Sunday, October 07, 2007

Your Right to be a Pain in the Ass

When the federal Do Not Call registry came into being, it was a long-overdue victory for consumers. While telemarketing trade associations predicted dire consequences if they were not allowed to annoy people who do not want to hear from them and do not want to buy anything from them over the phone, consumers were utterly sick of them, spending money on services like caller ID and anonymous call blocking to keep them at bay, and legislators finally listened.

Well, sort of. Because guess what? If you put your number on the list when it was new, you're about to be dropped from it. You see, when you add a number to the Do Not Call registry, it only stays there for five years. This was, supposedly, in order to keep the list accurate - people move, phone numbers are reassigned, and so on. Except that the list is already regularly purged to remove disconnected numbers.

Of course, nobody's going to remember that their five years are up, and they'll start getting more annoying calls. The FTC doesn't see it that way, but at least one member of Congress is a bit smarter:

"It is incredibly quick and easy to do," Lydia Parnes, director of the FTC's bureau of consumer protection, said in an interview with The Associated Press this week. "It was so easy for people to sign up in the first instance. It will be just as easy for them to re-up."

But Rep. Mike Doyle, D-Pa., says people should not be forced to re-register to keep telemarketers at bay. Doyle introduced legislation this week, with bipartisan support, to make registrations permanent.

Sure, it's quick and easy if you know you have to do it. Unless the FTC is planning on sending postcards out to everyone on the list before they're dropped, nobody is going to remember to re-up.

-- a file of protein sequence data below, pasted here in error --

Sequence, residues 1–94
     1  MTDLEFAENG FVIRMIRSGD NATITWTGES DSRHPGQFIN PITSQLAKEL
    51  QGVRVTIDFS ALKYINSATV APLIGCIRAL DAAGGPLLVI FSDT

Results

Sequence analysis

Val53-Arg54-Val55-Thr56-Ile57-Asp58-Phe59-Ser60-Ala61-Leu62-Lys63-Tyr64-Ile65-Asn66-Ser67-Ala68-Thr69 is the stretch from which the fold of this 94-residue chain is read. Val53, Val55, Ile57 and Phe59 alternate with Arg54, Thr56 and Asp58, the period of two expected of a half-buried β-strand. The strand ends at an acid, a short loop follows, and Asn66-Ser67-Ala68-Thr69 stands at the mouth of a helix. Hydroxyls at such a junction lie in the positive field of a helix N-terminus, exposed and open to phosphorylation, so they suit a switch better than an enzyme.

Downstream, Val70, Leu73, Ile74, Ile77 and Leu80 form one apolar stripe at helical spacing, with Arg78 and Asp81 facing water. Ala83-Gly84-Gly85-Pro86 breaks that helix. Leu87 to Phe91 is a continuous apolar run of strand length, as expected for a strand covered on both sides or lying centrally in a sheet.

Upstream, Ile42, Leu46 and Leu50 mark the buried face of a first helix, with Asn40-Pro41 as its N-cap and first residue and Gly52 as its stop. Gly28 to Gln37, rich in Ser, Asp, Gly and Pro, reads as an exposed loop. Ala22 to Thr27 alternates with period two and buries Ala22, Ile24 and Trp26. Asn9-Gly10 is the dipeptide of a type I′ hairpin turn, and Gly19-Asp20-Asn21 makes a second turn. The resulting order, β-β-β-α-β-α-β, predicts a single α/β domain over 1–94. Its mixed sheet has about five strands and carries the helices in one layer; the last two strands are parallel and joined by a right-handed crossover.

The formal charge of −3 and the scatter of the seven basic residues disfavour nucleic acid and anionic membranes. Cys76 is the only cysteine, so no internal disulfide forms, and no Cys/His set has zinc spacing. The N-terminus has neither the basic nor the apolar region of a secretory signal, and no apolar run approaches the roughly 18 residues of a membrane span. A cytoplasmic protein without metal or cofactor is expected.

Smart marketers will support Doyle's legislation, because smart marketers don't want to waste their money having telemarketers call people who aren't interested in talking to telemarketers. Unfortunately, this is an area where marketers often aren't very smart.

It's always frustrating to see marketers react to consumer attempts to shut them up by trying to find a way to weasel through. Pop-up blockers? We'll come up with new formats to make you look at our ads. Do-not-call list? Our associations will lobby to make sure names drop off of it. And so on, and so on.

My rule with telemarketing is quite simple: Do not call me, ever. Do not call me if I'm your customer, or if I'm not. Just don't do it. I hate being interrupted by phone calls. Friends, family, and clients can call me. Businesses can if the reason is "we suspect fraudulent activity on your credit card" or "we want to tell you that your order is delayed" or "we are confirming you appointment next week."

I'm a marketer, and I think the legal standard for telemarketing should be opt-in only. And real opt-in, not "by opening this bank account you are telling us we can bombard you with offers by mail and phone."

It doesn't help the phone companies are in on the racket: you have to pay them not to give out your phone number.

I'm skeptical about the new conversational, user generated, only welcomed messages marketing simply because I think marketers kid themselves about what is really welcomed by consumers. Do not call registries with this kind of hole in them are a great example. I'd love to see marketing organizations be good citizens and call on Congress to make numbers on the registry permanent. It's good business and it's just the right thing to do.

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